After much debating with myself, I was ultimately convinced that a short 3 weeks trip back to Malaysia before the summer holiday ends is worth it. I wouldn’t say I was homesick or anything, but the main reason was that there were cheap return flight tickets, equivalent to my 3 weeks rental here in the UK. Moreover, I feel like a trip back will be the perfect finale to my summer escapade by seeing my beloved family and friends whilst devouring sufficient Malaysian food to last me for another year in the UK (figuratively, not literally).

I am by no means exaggerating when I say most of my activities revolve around food. Meeting family and friends at my favourite restaurant, for good food. Travelling to my hometown to visit my grandparents, while eating good food. Going on a short 2 days trip to Ipoh with a group of friends to spend time together again, and also to try different local delicacies. I am blessed to have families and friends who would go out of their way and drive me around to satisfy my food cravings. Despite picking up numerous Malaysian recipes whilst in the UK, nothing beats eating the real thing in the typical Malaysian hot weather, I swear I almost cried when I had my first bite of claypot chicken rice upon touch down.

Disclaimer: Amazingly delicious-looking Malaysian food photos will be bombarded in 3.. 2.. 1…

(Warning: Salivating excessively is a major side effect)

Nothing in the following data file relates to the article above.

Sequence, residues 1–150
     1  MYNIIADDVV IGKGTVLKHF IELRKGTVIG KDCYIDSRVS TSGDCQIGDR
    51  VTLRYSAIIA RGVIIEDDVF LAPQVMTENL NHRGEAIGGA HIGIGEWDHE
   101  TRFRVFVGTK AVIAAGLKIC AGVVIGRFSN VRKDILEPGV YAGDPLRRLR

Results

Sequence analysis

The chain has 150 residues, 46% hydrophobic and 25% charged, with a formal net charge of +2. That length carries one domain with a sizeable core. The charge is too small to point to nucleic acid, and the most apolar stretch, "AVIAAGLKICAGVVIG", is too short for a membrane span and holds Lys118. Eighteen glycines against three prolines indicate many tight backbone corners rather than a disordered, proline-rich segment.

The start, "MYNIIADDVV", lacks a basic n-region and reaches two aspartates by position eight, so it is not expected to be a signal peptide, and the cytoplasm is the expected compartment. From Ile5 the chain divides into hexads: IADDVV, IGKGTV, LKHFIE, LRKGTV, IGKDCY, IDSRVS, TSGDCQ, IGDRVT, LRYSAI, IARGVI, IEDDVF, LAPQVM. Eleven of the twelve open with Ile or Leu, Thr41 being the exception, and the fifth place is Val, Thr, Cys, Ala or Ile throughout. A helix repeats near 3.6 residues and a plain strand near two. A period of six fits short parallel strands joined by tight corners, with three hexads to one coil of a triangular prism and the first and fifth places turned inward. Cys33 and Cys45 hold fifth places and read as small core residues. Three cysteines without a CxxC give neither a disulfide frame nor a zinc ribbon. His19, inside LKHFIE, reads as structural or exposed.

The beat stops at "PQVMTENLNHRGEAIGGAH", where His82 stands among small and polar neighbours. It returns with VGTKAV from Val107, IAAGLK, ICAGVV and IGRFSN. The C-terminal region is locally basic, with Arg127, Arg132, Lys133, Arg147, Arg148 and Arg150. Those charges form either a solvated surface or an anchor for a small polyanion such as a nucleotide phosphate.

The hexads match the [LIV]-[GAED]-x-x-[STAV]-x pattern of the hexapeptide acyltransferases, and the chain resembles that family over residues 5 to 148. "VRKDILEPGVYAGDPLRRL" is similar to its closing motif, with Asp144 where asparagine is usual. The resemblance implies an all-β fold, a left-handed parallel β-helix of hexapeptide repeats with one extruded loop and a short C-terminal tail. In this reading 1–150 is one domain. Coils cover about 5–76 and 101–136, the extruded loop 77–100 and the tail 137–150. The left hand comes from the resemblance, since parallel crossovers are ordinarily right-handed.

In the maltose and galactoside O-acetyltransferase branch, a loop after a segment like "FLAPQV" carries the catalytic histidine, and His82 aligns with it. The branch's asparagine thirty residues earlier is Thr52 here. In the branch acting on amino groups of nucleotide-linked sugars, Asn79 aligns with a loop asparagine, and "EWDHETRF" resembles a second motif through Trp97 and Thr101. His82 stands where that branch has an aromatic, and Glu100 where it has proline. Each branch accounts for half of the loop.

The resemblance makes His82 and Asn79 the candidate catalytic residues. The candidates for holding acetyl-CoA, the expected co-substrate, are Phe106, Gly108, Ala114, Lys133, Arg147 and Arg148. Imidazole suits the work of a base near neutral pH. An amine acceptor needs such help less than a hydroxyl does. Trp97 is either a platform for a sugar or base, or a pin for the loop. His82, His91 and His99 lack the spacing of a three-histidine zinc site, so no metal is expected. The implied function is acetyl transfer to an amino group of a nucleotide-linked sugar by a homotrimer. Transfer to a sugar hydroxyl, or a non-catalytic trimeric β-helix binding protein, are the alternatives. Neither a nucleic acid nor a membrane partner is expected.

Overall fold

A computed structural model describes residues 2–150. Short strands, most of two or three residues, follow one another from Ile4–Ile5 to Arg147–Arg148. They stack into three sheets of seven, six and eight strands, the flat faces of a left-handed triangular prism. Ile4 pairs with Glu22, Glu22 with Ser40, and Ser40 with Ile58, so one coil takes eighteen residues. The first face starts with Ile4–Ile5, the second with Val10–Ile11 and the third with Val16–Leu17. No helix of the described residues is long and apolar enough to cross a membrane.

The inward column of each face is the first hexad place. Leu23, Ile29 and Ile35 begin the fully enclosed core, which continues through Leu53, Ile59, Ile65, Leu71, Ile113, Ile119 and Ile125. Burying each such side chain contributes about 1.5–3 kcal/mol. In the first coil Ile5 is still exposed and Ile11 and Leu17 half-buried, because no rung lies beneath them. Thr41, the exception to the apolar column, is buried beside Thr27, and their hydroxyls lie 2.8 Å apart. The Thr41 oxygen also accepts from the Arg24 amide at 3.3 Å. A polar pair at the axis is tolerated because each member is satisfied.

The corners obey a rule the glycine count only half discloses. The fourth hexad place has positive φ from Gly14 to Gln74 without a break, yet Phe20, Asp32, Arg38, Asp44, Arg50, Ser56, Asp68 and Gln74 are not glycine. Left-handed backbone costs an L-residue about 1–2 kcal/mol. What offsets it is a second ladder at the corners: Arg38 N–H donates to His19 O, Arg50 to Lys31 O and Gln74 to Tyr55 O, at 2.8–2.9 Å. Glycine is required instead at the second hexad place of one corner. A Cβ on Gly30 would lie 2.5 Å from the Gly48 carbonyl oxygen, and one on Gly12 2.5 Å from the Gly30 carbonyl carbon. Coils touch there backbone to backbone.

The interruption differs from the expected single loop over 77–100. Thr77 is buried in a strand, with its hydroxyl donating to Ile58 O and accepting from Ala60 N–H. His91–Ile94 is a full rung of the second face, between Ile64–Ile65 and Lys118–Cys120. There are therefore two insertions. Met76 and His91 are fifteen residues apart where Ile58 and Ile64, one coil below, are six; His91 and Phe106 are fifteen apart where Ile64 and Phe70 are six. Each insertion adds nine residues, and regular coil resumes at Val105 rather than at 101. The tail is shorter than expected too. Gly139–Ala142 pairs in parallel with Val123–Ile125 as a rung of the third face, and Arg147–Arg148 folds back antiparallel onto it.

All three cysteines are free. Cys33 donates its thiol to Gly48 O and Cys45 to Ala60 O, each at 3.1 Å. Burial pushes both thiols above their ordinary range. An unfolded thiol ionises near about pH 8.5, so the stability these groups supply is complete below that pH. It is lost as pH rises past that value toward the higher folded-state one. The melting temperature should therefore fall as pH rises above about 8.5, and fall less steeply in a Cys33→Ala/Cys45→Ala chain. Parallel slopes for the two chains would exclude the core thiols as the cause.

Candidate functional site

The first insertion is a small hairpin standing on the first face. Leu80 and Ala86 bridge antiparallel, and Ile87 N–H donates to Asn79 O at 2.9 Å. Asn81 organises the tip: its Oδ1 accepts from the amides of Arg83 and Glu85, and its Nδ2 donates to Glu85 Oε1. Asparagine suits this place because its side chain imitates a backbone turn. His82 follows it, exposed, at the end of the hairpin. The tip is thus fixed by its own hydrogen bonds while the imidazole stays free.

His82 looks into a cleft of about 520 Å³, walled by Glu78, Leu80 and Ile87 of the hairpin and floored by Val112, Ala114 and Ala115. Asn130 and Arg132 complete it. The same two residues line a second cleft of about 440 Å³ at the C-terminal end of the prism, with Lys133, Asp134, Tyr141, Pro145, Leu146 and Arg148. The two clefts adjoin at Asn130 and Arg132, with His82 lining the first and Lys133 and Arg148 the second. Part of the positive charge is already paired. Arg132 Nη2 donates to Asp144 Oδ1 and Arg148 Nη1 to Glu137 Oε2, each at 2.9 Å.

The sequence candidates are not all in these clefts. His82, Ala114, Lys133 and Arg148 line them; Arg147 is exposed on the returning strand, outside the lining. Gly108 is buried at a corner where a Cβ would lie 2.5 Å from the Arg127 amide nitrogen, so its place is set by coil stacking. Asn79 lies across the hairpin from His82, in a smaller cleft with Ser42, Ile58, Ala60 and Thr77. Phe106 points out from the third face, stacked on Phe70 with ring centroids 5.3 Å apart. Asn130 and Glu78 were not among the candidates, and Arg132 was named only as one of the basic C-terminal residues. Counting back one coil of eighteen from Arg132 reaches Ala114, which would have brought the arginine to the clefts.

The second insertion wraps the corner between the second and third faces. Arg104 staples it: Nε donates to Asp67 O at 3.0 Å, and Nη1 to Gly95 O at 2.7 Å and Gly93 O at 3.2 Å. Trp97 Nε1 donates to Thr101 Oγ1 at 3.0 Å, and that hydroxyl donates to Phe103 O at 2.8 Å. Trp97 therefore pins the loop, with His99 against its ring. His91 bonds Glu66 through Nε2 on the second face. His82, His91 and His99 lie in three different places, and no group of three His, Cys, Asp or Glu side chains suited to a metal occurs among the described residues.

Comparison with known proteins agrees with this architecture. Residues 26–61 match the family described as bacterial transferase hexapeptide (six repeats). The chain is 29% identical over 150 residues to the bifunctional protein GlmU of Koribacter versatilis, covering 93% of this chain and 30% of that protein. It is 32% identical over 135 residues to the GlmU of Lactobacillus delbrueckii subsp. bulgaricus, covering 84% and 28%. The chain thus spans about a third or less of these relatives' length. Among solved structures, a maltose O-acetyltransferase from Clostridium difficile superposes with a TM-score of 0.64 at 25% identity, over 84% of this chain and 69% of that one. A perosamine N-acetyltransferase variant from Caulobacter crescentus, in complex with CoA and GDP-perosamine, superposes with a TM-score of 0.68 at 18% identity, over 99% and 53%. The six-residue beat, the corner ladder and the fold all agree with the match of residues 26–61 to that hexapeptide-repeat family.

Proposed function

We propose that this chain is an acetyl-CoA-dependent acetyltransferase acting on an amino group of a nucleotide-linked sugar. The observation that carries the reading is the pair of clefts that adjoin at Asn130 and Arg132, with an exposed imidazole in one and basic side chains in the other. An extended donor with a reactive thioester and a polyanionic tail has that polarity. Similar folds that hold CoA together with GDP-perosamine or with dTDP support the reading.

Malaysian’s favourite breakfast – Nasi Lemak ¬†is rice dish cooked in coconut milk ¬†and paired with¬†chicken rendang.
Claypot chicken rice
Crunchy, savory, and creamy: How can you resist Chilli pan mee (noodles)?
Lao Shu Fen (literally means mouse noodles)
3 coloured tea.
A typical takeaway of chicken and pork rice.
chee cheong fun
Cool down with this favorite Ice dessert made of ice shavings, frozen fruits and a dollop of ice cream!


On a serious note, other than food, there is so much more of Malaysia to appreciate, something I began to realize after a year abroad.

  1. Architecture

As much as I am still constantly in awe with European architectures, while taking the LRT (equivalent to DLR in London) to KLCC (The Twin Towers), I realise I have taken for granted the beauty of Islamic architecture which is seen throughout Kuala Lumpur. Magnificent Chinese and Indian temples can also be easily spotted. The mix of architectural styles is uniquely Malaysian.

A Chinese temple
  1. Countryside scenery

Whenever I’m in Europe, I love taking the train because it is extremely peaceful to listen to some music whilst taking in the picturesque window view.¬†In¬†contrast, Malaysia’s countryside is a lot more rustic where there’s more motorcyclists, more tropical trees like coconut trees.. .I don’t know how to describe it but¬†the rusticness of a Malaysian kampung (village/small town)¬†exudes a certain warmth that draws you in and leaves you all fuzzy inside.

  1. Tropical rain

Everyone knows that a typical British weather includes gloomy skies with intermittent drizzles. But I realise I eventually miss the occasional heavy downpour in Malaysia. I love listening to the sound the rain makes when it falls on the tiled rooftop while taking an afternoon nap, because that’s when the weather is most cooling.

All in all, I am glad that this trip made me notice things that I have always took for granted and made my love for Malaysia grow. On the other hand, I also realised how short my 2 years of study in UK¬†was¬†and there’s a lot of more things I want to see and experience. One thing I know for sure is when I have to return to Malaysia for good next year, I will definitely miss UK, too.

The Homecoming Diary

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